What is your most inhibiting habit/pattern/thought-loop that gets in the way of “doing the work”?
There are so many... Really, comparing myself to others. Instagram can be so destructive. Seeing all those young sculptors and painters who are say my age, or younger, and they get to do all those fun things I’d love to be doing.
You also only see the images of their art that is going well. You really have to remind yourself of the context of: how often do they post something, who are they, where are they at in their career, etc.
Another thing that’s tricky for me is wondering: what is this thing (art piece) going to do for me? What function does it serve? Which is the wrong question to ask of art. Getting caught up in the “Why am I doing this?”, which is so tricky because you can really talk yourself out of anything.
Do you have a go-to thing you do/ think about, when you notice you are stuck and in a funk?
For one I stopped looking at Instagram because it’s making me feel worse rather than inspire me. I also try and catch myself when I start thinking negative thoughts and call them out as something that’s not helpful.
I’m also a big list maker, which is a big physical thing that I do. I really like lists. And they have to be physical lists. It’s not something I can do on a computer. I keep ongoing notebooks of lists of various tasks, like pay my car insurance, submit these grades, and then 2 hours of concept sketching for a new painting. By writing it down I make the creative stuff as important as the other things of the day.
In the middle of the semester my days are kinda already planned out for me and I don’t have a ton of studio time. But when I am on semester breaks my days can get very disorganized and fluid so I need to make myself lists to make sure I get myself into the studio. But as I said, it puts it up there on the same importance level as all the other tasks.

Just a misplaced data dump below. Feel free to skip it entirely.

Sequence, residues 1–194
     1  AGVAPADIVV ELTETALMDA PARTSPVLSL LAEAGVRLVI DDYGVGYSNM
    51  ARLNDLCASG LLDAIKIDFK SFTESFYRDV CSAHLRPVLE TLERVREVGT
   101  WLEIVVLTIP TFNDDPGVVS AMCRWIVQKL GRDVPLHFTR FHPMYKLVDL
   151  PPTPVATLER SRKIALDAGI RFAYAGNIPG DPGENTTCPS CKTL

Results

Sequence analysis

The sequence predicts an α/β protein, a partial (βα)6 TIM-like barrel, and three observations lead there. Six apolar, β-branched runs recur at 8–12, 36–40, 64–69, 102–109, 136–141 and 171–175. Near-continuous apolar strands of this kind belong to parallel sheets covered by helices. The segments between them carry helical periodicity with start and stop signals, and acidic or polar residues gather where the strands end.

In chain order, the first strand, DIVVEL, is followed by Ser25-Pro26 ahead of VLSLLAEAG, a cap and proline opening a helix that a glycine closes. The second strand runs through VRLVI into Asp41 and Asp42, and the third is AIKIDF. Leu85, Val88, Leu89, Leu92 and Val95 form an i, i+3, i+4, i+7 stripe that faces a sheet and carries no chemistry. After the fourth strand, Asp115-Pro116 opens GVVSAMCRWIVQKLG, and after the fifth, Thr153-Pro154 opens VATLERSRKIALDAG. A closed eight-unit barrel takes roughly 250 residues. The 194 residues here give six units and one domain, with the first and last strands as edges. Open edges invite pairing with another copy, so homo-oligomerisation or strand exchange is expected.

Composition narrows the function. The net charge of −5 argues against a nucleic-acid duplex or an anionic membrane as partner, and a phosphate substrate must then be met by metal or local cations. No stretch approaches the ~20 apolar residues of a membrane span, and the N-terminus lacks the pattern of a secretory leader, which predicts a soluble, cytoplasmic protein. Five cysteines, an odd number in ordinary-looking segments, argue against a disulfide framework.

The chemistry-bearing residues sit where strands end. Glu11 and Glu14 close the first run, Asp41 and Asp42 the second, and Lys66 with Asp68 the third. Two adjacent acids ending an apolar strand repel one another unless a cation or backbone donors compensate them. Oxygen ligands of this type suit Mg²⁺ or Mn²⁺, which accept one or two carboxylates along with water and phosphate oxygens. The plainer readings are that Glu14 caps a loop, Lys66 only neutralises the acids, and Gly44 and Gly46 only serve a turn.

Any pearls of wisdom you picked up from mentors, friends, or idols that have helped you to get through the sticky spots of creative life?
Observing people around me like you and Melanie (Florio), where I see how you guys push through. Seeing the everyday of close friends is super inspiring, and how they do it their way.
That helps for the day-to-day grind.
For the “big concept stuff”, I try to keep in mind what I picked up from Randall (Cabe), or my dad. Acknowledging where I am at and, even though it’s a trendy theme, being authentic. Paint what you want to paint, but know your context. Don’t try being anything you are not. Don’t try and be Velazquez. Being a representational painter, doing representational work in modern day is so, so problematic. It’s really easy getting caught up in the old masters and forgetting who we are.
For my dad, he always pushed me to do the things I am afraid of. He is the voice in the back of my head saying “Do something that scares you shitless!” Don’t say no because you afraid. You are going to be afraid, but that’s not a reason not to do something.